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PCT: White Pass to Chinook Pass

Mount Rainier National Park

Miles 2294.9-2323.5 of the northbound PCT: Approaching Mount Rainier among montane forest and volcanic ridges dotted with lakes.

Hiking Moderate

44 km
1.6 km
1.2 km
1 day +
Low Point
1.2 km
High Point
1.8 km
PCT: White Pass to Chinook Pass Map

Along this section, the PCT climbs gradually from White Pass and enters another wilderness area, passing several lakes surrounded by grass and forest. Eventually, the incline steepens dramatically, and the trail climbs to a subalpine crest where clearings reveal Mount Rainier plus other Cascade volcanoes on the horizon. The segment ends at Chinook Pass on the boundary of Mount Rainier National Park, where crowds of day hikers will likely share the trail on good-weather days.


From White Pass, the PCT soon enters the William O. Douglas Wilderness (NB mile 2296.1), and the series of lakes begins right away. There’s a lake or pond every few miles along the trail, with some clusters of even greater density. If you’re looking for lakeside camping, Deer Lake (NB mile 2297.2) and Pipe Lake (NB mile 2302) are especially inviting. Be prepared for bugs in early to mid-summer, though. A number of side trails also branch off in this wilderness area, making various loop options for section hikers.

The PCT continues through forest and intermittent meadows, passing one spot by a creek with several good campsites (NB mile 2307.3). Eventually, the trail meets the Bumping River (NB mile 2308.6), a larger creek that must be forded or crossed on logs. Up to this point, the elevation gain has been gradual, but beyond the river, the trail faces the escarpment of Crag Mountain. The next four miles go aggressively uphill but weave among spectacular scenery in montane forest, gurgling creeks, and bench lakes. Tree gaps reveal views toward Mount Adams, St. Helens, and finally Rainier over the course of the climb. Eventually, the incline lessens, but the preceding miles continue mostly uphill. Moving higher up, the forest frequently opens into gorgeous subalpine meadows with rocky peaks overhead.

A good camp is at the Two Lakes trail junction (NB mile 2314.6), but even better spots may be found with a half-mile detour to the lake. Over the next several miles, the PCT crosses in and out of the national park, more or less straddling its eastern boundary. Camping is not allowed inside the park, but plenty of spots occur along stretches of trail that are in the national forest.

If you have the time, you might enjoy side trips to Cougar Lakes (NB mile 2316) or American Lake (NB mile 2317.2) for camping, but farther along the PCT, you’ll find camps near Anderson Lake (NB mile 2318.5) and at Dewey Lakes (NB mile 2320.5) as well. Past Dewey, the trail makes a short but steep climb over another ridge then makes a panoramic contour on the slopes of Naches Peak, which makes a popular day hike for national park crowds. Here the PCT exits the wilderness and soon reaches Highway 410 at Chinook Pass (NB mile 2323.5). A large footbridge embossed with “Mount Rainier National Park” takes the PCT over the road. On the other side, the trail soon reaches a large trailhead area with toilets and trash cans. This is a busy spot during much of the year because of its proximity to the national park.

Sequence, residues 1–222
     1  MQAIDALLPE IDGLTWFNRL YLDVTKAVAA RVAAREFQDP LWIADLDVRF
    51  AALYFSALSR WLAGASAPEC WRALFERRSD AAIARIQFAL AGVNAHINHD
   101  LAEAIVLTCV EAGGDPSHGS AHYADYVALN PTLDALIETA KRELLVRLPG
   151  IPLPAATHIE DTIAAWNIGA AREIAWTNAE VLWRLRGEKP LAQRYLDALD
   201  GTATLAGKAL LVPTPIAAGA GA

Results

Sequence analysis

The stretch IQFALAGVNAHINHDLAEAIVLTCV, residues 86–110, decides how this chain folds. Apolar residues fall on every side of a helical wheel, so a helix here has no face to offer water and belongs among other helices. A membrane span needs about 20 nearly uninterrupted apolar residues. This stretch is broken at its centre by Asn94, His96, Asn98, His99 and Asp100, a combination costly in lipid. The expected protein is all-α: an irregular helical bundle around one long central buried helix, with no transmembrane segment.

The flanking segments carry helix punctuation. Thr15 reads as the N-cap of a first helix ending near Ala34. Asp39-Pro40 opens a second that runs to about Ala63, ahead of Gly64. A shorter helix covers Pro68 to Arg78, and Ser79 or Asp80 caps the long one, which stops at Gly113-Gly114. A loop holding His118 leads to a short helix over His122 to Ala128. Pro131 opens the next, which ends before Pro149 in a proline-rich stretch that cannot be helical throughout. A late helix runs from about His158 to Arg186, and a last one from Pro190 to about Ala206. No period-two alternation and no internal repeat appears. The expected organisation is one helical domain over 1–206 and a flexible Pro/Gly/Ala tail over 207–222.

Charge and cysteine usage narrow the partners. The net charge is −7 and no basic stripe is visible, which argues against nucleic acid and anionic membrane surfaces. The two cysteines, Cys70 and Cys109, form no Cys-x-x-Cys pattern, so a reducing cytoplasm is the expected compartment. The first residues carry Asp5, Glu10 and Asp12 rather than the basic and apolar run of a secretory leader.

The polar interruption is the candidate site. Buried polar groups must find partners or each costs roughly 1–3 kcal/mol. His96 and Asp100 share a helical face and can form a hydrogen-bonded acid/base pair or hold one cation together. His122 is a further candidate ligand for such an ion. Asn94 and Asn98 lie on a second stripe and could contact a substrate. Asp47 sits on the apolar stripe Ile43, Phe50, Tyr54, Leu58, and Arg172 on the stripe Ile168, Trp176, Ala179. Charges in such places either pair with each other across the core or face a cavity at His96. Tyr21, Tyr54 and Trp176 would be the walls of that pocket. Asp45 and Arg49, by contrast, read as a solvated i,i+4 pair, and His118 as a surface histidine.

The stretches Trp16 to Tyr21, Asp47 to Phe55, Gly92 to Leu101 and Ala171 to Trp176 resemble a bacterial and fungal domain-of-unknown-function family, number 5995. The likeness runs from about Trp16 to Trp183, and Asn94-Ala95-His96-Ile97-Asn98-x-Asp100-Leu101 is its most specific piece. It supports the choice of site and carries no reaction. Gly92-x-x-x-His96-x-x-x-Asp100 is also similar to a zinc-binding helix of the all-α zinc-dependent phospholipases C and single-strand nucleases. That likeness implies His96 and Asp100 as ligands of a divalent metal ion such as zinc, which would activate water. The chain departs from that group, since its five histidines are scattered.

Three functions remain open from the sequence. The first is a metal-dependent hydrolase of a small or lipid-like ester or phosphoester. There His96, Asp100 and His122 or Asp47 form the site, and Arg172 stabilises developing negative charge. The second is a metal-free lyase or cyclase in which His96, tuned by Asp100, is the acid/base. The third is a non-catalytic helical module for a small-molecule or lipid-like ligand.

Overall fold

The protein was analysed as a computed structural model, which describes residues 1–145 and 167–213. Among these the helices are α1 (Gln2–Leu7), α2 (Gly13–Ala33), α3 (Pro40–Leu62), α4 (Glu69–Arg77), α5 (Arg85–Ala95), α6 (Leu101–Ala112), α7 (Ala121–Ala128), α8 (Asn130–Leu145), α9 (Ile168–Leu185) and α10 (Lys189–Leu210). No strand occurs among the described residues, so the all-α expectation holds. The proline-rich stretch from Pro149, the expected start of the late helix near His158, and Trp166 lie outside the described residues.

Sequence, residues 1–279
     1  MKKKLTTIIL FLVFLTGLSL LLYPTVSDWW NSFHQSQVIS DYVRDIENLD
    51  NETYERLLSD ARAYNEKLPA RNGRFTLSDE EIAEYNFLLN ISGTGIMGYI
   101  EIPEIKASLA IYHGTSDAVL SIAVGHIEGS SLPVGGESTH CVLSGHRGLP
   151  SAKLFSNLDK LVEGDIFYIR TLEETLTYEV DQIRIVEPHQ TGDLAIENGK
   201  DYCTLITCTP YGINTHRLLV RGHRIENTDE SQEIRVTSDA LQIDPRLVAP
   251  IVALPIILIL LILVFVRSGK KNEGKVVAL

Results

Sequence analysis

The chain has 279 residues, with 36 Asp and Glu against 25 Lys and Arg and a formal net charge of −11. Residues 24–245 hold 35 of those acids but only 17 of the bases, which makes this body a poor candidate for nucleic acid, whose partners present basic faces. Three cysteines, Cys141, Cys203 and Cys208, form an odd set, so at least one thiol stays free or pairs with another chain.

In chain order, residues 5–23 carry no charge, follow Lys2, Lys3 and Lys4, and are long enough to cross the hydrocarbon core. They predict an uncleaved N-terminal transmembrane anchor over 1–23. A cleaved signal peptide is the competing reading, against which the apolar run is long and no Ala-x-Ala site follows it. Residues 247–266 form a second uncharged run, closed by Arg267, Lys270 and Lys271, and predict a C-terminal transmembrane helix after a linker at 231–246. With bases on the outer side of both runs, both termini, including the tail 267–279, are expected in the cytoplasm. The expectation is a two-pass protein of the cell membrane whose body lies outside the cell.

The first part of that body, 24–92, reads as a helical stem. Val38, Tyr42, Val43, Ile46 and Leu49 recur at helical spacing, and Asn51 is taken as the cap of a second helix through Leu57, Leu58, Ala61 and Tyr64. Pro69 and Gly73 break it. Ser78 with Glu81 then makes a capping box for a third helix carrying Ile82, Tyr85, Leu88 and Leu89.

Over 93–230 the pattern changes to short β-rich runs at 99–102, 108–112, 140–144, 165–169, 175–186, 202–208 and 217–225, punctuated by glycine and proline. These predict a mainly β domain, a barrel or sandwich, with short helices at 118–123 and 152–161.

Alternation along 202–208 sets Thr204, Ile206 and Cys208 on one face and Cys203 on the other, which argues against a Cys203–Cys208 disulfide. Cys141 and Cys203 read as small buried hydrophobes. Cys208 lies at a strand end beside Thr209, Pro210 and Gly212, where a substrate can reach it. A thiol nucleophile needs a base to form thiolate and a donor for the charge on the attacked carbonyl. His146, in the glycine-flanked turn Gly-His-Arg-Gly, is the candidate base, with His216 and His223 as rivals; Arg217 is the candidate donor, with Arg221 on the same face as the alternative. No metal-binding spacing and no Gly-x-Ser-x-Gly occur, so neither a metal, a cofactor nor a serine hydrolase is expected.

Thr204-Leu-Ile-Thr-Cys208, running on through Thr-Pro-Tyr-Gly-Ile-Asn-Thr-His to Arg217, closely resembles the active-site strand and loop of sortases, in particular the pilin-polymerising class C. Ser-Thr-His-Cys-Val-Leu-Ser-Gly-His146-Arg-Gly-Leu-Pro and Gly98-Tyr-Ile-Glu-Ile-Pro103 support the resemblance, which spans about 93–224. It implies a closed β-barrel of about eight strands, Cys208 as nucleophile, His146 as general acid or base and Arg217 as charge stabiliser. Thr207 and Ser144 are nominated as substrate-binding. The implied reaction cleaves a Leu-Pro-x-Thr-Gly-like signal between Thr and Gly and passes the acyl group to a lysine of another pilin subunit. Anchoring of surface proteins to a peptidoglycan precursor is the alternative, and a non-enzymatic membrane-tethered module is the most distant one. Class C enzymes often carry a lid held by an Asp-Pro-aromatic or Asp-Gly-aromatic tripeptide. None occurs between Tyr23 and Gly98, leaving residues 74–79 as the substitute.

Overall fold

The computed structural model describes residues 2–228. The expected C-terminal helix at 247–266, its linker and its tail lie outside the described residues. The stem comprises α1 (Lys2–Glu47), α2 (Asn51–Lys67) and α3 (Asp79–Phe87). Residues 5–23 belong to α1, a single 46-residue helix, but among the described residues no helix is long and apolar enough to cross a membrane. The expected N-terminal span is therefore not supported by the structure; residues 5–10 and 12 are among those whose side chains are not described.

Permits: This segment is mostly within the William O. Douglas Wilderness of Okanogan-Wenatchee and Gifford Pinchot national forests. Hiking and camping in the wilderness requires a permit, but these are free and self-issued at trailheads. Parts of the trail cross into Mount Rainier National Park where camping is not allowed, but it’s easy enough to find sites outside the park bounds. Watch for signs along this segment that denote boundaries and restrictions. Additionally, section hikers may need the Northwest Forest Pass or equivalent for parking at trailheads.

Sources: https://www.fs.usda.gov/recarea/okawen/recarea/?recid=79426 https://www.pcta.org/discover-the-trail/maps/ https://pctmap.net/trail-notes/



Hiking along trails with some uneven terrain and small hills. Small rocks and roots may be present.

Medium Exposure

2 out of 4

The trail contains some obstacles such as outcroppings and rock which could cause injury.


3 out of 4

Little chance of being seen or helped in case of an accident.

Best time to visit

between June and October


  • Wildlife
  • Picturesque
  • Wild flowers
  • Water features
  • Family friendly
  • Forestry or heavy vegetation

Guidebooks in this area